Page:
Since lighting up the campus with 5G last year, Rogers has added next generation network technology and capabilities that will enable more intelligent and complex use cases and applications, including 5G mmWave (28GHz) small cells on campus, both inside buildings and outdoors, providing ultra-low latency and high bandwidth to support a variety of 5G research projects underway at the University.
The demonstration is the latest step of a multi-year initiative that is creating a testbed to evaluate automated driving on campus. Future industry partnerships will add more elements of a smart city on campus, a living testbed for advanced research, product development and data collection.
Before commencing operation as a regular service, the driverless shuttle system requires approval from the Ontario Ministry of Transportation (MTO). Currently, the University of Waterloo is a registered participant in Ontario’s Automated Vehicle Pilot Program, which permits testing of driverless AVs on Ontario roads.
Federal and provincial funding for the WATonoBus project has been provided through the Canadian Foundation for Innovation, the Ontario Research Fund and the Natural Sciences and Engineering Research Council.
Q and A with the experts: How to protect your eyesight during the pandemic
The University of Waterloo has a number of experts available for comment on various aspects of the COVID-19 pandemic.
Since the pandemic began, access to eye care has continued to change. With high case counts in Ontario, the fear of contracting COVID-19 is still very real, and some patients are understandably hesitant to leave their homes for routine appointments. But, neglecting eye care can seriously put your overall health at risk, especially with work from home orders increasing screen time for most.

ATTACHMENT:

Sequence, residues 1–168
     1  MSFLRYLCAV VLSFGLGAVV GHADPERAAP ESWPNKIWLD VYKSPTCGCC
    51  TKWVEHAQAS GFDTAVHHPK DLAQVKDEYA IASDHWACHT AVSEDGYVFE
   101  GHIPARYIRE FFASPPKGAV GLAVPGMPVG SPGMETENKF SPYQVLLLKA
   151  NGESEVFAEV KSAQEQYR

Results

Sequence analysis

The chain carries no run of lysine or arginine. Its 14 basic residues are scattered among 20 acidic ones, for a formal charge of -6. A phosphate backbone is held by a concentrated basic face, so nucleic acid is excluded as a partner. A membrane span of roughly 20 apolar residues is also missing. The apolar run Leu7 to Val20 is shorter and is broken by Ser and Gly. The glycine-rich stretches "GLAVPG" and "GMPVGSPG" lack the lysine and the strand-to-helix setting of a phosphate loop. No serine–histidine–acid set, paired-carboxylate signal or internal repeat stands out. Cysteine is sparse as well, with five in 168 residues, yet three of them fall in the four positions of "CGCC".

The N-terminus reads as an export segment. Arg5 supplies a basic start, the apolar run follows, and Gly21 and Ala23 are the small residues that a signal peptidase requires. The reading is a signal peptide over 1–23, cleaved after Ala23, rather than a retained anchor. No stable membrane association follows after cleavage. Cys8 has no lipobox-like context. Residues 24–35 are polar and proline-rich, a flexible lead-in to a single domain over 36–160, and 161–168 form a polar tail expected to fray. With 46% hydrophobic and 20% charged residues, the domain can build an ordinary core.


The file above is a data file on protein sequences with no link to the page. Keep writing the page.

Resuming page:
As the pandemic continues, can you afford to neglect your eye health any longer? Dr. Debbie Jones, an optometrist and professor, provides answers to this and other questions.
How will I know that I need to get an eye exam?
There are several reasons you might need to book an urgent appointment with your optometrist – no matter your age:
- Eye injury
- Eye pain
- New floaters or flashes
- Red eye
- Sudden change in vision
- Blank or wavy spots in your vision
However, I can’t stress enough how important it is to include routine eye care as part of your list of health care check-ups. Many eye diseases manifest silently, so you could have an early eye disease and not know it. Early detection is the often the only way an optometrist can effectively treat eye disease to preserve as much of your eyesight as possible.
Is it safe to book an eye exam during the pandemic?
Yes, it is very safe. Optometrists have been deemed essential frontline workers, so eye clinics remain open for regular appointments – not just urgent care.
Working from home, I sit in front of a screen all day. What can I do to prevent digital eye strain?
If you find yourself in front of a screen all day, try employing the 20-20-20 rule: every 20 minutes, look up from your screen and focus your eyes 20 feet away for at least 20 seconds. Taking a break to focus on an item in the distance is critical in ensuring your eye muscles have the chance to relax after such prolonged exposure to your computer screen.
Don’t worry too much about measuring 20 feet exactly – the rule will still be effective as long as you’re focusing on an object far away. If you’re near a window, consider looking at a car parked down the street, or, even better – step away from what you’re doing and take a short break outside.